Authors, Bats, and Space: Library programming lessons for (and from) a beginner

As I mentioned back in early August, I’ve been trying to relaunch my library’s adult programming. Since then I’ve held two programs, set up a third, and sketched out ideas for 15 or so more. I’ll probably learn so much more as time goes on, but I thought I would record some of the lessons I’ve learned so far. Remember, I’m a beginner, so don’t laugh when it comes to my relative ignorance. I will say that I had nightmares about both thanks to all the stress. This has made it really difficult to get excited about planning events, but really I just have to learn to stop putting so much pressure on myself. As Woody Allen says, “80 percent of success is showing up.” Just by having programs, I am calling our programming at least an 80% success, especially since we had roughly zero last year. While it is up to me to get that number as high as I can, it’s nice to rely on at least some measure of success just by having an event for people to show up to. Now I only have 20 more percent to go to reach my lofty goals for myself, so wish me luck!Woody-Allen1


  • In August, I held a Local Authors Garden, which was a showcase of 12 local authors. Why call it a garden, you ask? Have you ever been to a garden? I, myself, have spent a ton of time at our local botanical gardens. While I visit certain sections every time, I sometimes ignore others or explore a section for the first time. I have no plan when I go, though. I simply explore what’s there, often stumbling over a new area when I had really just intended to spend most of my time reading a book in the zen garden. I wanted to capture that feeling, except having a diverse mix of authors and their books being the attractions. I hoped this would get exposure for authors, but also introduce patrons to unexpected gems.
  • Just last week, I held a Celebrate Bats! event. The event focused on providing basic facts about bats, while also providing a way for every person to help support the local bat populations, namely through bat houses. I invited the owner of a Wild Birds Unlimited store, which sells bat houses, to speak. Luckily for me, the owner has built up a lot of knowledge about bats over the years and was able to share a lot of that with patrons.  We had fewer than 20 attend, but everyone loved it and each person got to chat with the owner without anyone feeling rushed. The next day, our director got an email from a patron encouraging us to have more programs like that. I’m hoping to make that happen.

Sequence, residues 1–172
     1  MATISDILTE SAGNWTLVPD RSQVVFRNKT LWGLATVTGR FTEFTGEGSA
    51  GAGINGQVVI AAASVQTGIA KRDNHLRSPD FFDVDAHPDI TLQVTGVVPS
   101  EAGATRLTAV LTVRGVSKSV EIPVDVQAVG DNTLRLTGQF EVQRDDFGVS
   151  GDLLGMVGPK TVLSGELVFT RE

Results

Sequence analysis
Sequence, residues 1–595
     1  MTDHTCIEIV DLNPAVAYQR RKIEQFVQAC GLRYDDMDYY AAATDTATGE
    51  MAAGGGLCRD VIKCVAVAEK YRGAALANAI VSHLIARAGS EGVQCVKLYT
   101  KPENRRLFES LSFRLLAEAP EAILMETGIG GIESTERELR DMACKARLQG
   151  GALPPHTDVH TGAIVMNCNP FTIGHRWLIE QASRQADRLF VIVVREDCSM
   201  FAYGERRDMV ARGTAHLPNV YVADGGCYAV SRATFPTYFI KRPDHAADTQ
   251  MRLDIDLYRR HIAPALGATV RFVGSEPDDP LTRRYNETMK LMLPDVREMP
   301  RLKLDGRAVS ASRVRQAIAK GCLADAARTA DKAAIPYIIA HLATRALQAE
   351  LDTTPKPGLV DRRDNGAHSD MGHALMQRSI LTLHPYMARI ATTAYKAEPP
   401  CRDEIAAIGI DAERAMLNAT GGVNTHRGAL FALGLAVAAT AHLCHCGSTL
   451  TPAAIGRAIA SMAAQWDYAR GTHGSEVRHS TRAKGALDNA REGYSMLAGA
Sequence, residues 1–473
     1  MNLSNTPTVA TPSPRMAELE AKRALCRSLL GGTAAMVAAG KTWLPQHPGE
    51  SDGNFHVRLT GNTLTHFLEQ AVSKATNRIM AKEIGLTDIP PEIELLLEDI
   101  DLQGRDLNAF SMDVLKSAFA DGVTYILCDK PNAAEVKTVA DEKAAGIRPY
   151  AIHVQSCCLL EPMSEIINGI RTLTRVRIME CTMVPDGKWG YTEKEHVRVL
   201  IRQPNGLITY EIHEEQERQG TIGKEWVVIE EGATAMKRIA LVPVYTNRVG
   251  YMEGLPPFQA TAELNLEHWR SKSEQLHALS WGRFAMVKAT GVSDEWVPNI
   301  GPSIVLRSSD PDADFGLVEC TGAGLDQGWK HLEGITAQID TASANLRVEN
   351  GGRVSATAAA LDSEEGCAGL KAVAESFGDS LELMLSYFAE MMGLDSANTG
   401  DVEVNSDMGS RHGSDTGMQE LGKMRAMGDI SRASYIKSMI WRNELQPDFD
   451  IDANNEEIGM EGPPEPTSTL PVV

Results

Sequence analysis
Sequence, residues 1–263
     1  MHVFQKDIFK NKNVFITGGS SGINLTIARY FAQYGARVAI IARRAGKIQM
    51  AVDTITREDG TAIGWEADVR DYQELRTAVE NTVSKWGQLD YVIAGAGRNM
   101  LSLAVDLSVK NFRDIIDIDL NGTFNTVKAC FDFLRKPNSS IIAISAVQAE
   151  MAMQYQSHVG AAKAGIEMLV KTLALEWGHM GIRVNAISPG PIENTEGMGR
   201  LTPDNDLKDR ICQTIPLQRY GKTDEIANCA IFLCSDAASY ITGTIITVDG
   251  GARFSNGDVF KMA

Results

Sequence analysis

• Finally, a member of NASA’s Lunar Orbiter Project and Viking Project recently wrote a book about those key early space missions. He will be coming in December to share stories from his book, A Bunch of Plumbers: The Unsung Heroes of the American Space Program, as well as sell and sign copies. He was actually one of our local authors from the August event and I found him particularly fascinating when I stopped by his table to talk. Space is a hot topic around here, thanks to NASA facilities and labs located in our area, so I am hoping he will draw a good crowd.


  • When it comes to attendance, marketing is everything. If patrons don’t know about the event, no one will come. If people don’t understand what exactly will be offered, a good number won’t come or won’t stay when they realize that they didn’t know what the event was. Which leads me to my next lesson.
  • Understand and convey what the event is and who it is for. You need to be able to convey this to patrons, as well as coworkers, so that you don’t end up with a ton of kids at an adult event, for example. It didn’t end up being a huge problem for the Celebrate Bats! event, because when people asked, we clarified that it was meant for adults. But more targeted marketing could have gone a long way in keeping patrons from being confused.
  • Make connections. One thing I didn’t quite expect is that event programming breeds more event programming. My next program was a direct result of my previous author program. And encouragement from the community after the bat event got my mind buzzing with ideas for similar programs. In fact, I’m cooking up a Snakes in Virginia program for next spring that will have similar education and preservation themes as the Celebrate Bats! event. I’m on a mission to rescue misunderstood animals from all the haters!
  • Numbers matter, but not a much as you would think. I can’t claim that lesson for myself. Mina from The Ramblings of a Jedi Librarian shared it with me on a different post. But she was totally right. While both events had fewer numbers than I would have hoped, attendees and presenters raved about the events and actively encouraged me to plan more. While the library director was initially disappointed in the numbers, supportive and encouraging comments from those involved have swayed his opinion of programming being just about numbers. At least, I hope so!

I’ve got more to learn, of course, and I look forward to it. And don’t worry. I’ll keep posting programming updates as I go!


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